olfactory signal transduction – 2 ORs are G protein-coupled-receptors (GPCRs) which activate adenyl cyclase type-III via the G protein, G olf cAMP opens a nonselective, cyclic-nucleotide-gated (CNG) cation channel, depolarising the ciliary membrane. ORNs express a Na/K/Cl cotransporter (NKCC10) which maintains a high intracellular [chloride] Ca 2+ influx through the CNG channels opens Ca 2+ -activated chloride channels on the ciliary membrane Cl - leaves the ORN down its concentration gradient, which further depolarizes the cell and provides amplification. Internal Ca 2+ binds to calmodulin which initiates multiple negative- feedback pathways that facilitate adaptation. Action-potential generation in ORNs involves voltage-gated sodium channels and low voltage-activated (T-type) calcium channels.
olfactory signal transduction – 3 Mammalian smell has great sensitivity and a very wide adaptation range, as might be expected for “outward facing” receptors. Adaptation in mammals occurs by a variety of mechanisms with very different time scales, and their relative importance is disputed. Olfactory adaptation in mammals may involve local negative feedback loops with calcium + calmodulin (see previous diagram). Increased calcium export from ORNs may allow mammals to cope with sustained stimulation by high odorant concentrations. Increased phosphodiesterase activity may help to remove excessive concentrations of cyclic AMP. In addition, mammalian olfactory receptors may be phosphorylated, and / or internalised, and / or uncoupled from their G-proteins as part of the adaptation system. Expression of mammalian OR genes may be downregulated as part of a long-term adaptation mechanism.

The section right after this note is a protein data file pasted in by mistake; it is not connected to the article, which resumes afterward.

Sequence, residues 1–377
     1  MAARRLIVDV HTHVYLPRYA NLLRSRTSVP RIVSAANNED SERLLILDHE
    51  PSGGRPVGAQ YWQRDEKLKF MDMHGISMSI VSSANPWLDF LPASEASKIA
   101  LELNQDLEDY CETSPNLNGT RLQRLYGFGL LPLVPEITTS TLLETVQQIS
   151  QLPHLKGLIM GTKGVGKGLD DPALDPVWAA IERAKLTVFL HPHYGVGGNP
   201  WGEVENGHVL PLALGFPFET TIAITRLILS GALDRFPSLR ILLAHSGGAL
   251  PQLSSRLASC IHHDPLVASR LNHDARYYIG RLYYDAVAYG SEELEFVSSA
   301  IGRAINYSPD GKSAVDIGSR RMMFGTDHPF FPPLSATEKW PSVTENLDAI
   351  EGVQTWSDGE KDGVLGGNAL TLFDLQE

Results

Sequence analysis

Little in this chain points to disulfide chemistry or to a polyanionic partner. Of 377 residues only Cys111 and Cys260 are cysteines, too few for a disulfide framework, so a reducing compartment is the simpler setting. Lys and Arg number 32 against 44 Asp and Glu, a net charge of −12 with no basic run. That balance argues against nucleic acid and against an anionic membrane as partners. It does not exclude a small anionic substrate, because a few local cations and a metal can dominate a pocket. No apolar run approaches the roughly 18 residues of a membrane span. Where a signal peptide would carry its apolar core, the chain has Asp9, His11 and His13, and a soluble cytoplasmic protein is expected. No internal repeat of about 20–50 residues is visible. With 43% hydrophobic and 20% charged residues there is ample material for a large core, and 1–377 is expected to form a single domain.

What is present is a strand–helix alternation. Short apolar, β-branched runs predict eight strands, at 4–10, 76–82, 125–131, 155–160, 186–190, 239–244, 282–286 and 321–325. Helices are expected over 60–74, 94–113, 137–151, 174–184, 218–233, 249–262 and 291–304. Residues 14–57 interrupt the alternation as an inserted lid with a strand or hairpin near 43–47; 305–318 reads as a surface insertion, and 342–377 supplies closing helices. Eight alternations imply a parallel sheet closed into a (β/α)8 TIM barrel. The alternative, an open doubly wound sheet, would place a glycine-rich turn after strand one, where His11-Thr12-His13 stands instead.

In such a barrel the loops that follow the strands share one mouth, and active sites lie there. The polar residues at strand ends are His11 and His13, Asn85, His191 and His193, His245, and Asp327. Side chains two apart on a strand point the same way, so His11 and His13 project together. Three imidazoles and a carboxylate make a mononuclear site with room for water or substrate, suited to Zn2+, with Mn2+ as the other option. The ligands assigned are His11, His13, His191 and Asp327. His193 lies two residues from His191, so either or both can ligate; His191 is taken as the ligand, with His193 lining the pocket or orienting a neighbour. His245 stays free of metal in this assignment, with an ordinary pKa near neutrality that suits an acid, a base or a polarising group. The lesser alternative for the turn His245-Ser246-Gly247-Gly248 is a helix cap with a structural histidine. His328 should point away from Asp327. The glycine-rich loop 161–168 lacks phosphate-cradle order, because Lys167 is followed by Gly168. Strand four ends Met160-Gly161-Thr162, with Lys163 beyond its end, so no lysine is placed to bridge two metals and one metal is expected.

olfactory signal transduction – 4 Odorants produce a graded concentration-dependent depolarisation within mammalian olfactory cilia – an analogue response. Spikes are superimposed on the receptor potential within the cell body of the ORN – analogue to digital conversion. The axons from the ORNs to the corresponding glomerulus carry fully digital action potentials. The glomeruli are arranged in a fixed, inherited, spatial map, but related odours are not associated within the olfactory bulb. Olfactory processing involves contrast enhancement between different odours, similar in some respects to retinal processing. Calculation of time derivatives d(smell)/dt and d 2 (smell)/dt 2 is probably important for following odorant trails. Sniffing and head movements provide mammals with additional information about the source of the smell.